A Poet's Double Life

For poets working outside the literary world.


Double the Life, Double the Accomplishments


UNC_PhotoAfter writing poems for 30 days, I had to shift gears to focus on the work side of this double life. In fact the work project I was leading was a constant in the backdrop of September’s poetrySpark, the November poem-a-day challenge, and poetry submission deadlines. As hard as I worked on my poems on Sunday afternoons in the office at the library, I worked equally hard–if not harder–in writing a report for work. And finally, it has culminated in a presentation before a state legislative committee on operational efficiency within the University of North Carolina system (check out the video clip from News 14 and the write-up on WRAL).

griefissueIn true double-life fashion, this work accomplishment is accompanied by a few poetic accomplishments: submitting a chapbook to two contests and getting two poems published in the Grief Issue of When Women Waken, including the Day 5 poem of the November 2013 PAD challenge.

Times like this is why I love the double life!


My Favorite Writing Spaces in the Triangle

The DRX – The Triangle Transit bus also known as the Durham Express. I commute daily from Durham Station to downtown Raleigh almost every day. When I was in my MFA program, writing on the bus was the only time I had to write. Since graduating, I continue the tradition—always carrying a journal and pen in my purse or just typing a note on my iPhone.

Straw Valley Café (5420 Durham-Chapel Hill Blvd, Durham)– Located in the oddest place for a café. This space was designed by architects, which makes it a great place to be creative. There are two houses with lovely chairs and glass tables if you want to stay indoors and ample space to sit outside (the courtyard is fabulous!). 

Walter Royal Davis Library (UNC Chapel Hill) – aka the Poet’s Gym. The library is the home to my writing room and the best collection of poetry books and literary journals in the South. The best place to write is in the periodicals section on the 1st floor. After a recent redesign, the space has ample couches, chairs, and outlets so you can stare out the large picture windows without running out of power. One drawback, you’ll have to go the 8th floor for the poetry books.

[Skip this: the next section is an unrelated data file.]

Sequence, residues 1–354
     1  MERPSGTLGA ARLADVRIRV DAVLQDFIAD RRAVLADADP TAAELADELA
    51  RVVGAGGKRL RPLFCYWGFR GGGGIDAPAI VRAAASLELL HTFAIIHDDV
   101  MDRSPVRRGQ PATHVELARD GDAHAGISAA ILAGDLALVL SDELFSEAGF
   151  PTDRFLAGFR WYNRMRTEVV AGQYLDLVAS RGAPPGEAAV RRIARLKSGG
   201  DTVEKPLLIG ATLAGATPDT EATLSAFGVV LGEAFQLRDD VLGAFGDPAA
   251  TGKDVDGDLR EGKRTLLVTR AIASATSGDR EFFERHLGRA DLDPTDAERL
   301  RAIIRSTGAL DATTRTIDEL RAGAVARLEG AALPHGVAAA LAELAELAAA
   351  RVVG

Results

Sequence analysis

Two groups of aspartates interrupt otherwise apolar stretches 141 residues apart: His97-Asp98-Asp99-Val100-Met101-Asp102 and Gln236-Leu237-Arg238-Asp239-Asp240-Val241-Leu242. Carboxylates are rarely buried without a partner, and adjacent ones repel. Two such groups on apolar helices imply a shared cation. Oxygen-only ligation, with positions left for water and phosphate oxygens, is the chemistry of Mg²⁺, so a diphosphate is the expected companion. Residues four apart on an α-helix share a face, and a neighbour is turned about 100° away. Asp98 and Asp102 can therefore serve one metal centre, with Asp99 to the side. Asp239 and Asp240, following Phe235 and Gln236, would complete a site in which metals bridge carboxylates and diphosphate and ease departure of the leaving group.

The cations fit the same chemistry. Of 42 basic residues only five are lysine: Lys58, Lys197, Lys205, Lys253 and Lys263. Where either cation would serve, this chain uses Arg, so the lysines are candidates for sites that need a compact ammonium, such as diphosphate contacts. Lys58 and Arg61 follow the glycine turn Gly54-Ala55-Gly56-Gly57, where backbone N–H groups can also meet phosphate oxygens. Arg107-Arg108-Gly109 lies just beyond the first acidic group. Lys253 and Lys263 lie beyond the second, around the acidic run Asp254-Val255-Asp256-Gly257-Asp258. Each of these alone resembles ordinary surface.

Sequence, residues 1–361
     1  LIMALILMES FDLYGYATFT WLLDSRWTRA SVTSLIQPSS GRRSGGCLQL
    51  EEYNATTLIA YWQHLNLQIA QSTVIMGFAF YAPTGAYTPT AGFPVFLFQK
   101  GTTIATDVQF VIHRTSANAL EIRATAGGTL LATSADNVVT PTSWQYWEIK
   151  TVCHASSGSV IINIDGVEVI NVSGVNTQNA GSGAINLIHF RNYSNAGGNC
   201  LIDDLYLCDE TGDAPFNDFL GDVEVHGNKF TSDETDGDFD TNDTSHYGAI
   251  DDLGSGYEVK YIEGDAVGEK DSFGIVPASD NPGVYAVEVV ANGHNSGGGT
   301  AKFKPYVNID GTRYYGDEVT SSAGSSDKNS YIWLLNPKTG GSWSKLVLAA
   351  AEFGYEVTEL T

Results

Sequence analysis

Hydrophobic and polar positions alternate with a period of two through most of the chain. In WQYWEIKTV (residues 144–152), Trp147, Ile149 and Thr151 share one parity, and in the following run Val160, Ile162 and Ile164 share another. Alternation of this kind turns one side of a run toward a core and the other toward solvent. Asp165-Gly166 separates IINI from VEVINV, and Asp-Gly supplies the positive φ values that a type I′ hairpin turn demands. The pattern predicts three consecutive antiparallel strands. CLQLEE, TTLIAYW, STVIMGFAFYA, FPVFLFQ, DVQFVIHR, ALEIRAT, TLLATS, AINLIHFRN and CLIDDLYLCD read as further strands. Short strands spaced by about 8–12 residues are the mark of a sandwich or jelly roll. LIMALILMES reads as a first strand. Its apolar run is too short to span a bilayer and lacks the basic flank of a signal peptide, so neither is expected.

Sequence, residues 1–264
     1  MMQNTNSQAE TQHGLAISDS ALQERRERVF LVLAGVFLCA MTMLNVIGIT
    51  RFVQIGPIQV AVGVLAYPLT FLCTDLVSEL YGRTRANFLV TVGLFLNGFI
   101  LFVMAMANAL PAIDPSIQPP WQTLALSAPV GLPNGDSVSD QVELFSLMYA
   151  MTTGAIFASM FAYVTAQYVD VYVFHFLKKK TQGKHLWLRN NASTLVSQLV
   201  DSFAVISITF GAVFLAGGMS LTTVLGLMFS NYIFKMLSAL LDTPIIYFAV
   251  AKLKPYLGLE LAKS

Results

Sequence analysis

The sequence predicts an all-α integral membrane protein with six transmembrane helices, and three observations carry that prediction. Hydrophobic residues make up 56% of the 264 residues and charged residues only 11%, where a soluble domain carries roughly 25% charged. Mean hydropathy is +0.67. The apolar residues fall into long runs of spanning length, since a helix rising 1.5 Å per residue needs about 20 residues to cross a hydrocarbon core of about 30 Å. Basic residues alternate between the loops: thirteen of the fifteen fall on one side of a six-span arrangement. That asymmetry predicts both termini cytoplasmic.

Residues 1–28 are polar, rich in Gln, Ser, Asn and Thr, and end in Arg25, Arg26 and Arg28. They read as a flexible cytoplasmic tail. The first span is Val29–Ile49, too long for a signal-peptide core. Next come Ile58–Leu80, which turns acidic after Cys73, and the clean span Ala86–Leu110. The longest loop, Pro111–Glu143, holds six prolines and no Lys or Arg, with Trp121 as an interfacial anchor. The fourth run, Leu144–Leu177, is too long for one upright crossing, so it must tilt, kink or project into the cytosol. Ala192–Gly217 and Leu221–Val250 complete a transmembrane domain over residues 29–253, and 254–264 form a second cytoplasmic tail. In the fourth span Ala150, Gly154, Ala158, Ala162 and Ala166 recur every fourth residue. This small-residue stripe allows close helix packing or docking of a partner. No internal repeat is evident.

Public Libraries – That’s what libraries are for y’all. So if you haven’t been to one of the libraries in Durham County, Wake County, or Chapel Hill, you haven’t been maximizing your tax dollars. My favorites in Durham are Southwest Regional (3605 Shannon Road) and South (4505 S. Alston Avenue). If I’m hanging out in Raleigh after work, I’ll inevitably find myself at Cameron Village.

Other Places To Try

All the places I’ve listed have free Wi-Fi (even the bus)! Let me hear about your favorites to write by leaving a comment.


A Room of One’s Own

Everyone should have a German friend who is willing to share his faculty study room in the university library. Not just once, but twice. The first room was a graduate study carrel used by his ex and the offer to use it came just as I entered the last semester of my MFA program. It was marvelous to have a small space to keep my writer’s thesaurus and manuscript drafts as I browsed the 8th floor stacks for more books about Wallace Stevens and William Carlos Williams to use in my graduating lecture. The grad carrel has access to a common area with a large desk by a window where I spread out the final copies of each poem to order and re-order them before sending them to my adviser. I gave up the space after graduation, passing the key to the husband of our mutual friend starting a doctoral program in Information Studies.

I thought I would write at home. Not that I really ever had before. I used the morning bus ride to journal and the return trip to read books or edit. When I tried to stay home to write, I fell victim to the couch’s chaise extension, my Hulu queue, or housecleaning. I looked for an alternative space for months—finding a great new café on 15-501—but ultimately longed for a room with a door I could close and lock with a key.  And then one Saturday night milonga in the midst of that post-tanda chit-chat I mention the need for a space so I can start a self-imposed publication boot camp, he mentions the faculty study room. We agreed to meet the next day to move me in.

After we tossed out two armloads of old German binders (did you know European paper is not the same shape as ours?) and figured out the proper hiding spot for the key, we christened the “new” writing space with a mini-milonga and candy from his secret student admirer (who also left a CD called “Sweet Mix”, but I don’t think DJ Khaled belongs in that category). It’s not on the 8th floor where my poetry and his political science books reside, has no common area, nor much of a view—unless you‘re into rocks and HVAC equipment. And is not my own, but it’s a room where I can leave my stuff, close the door, and lock it with a key.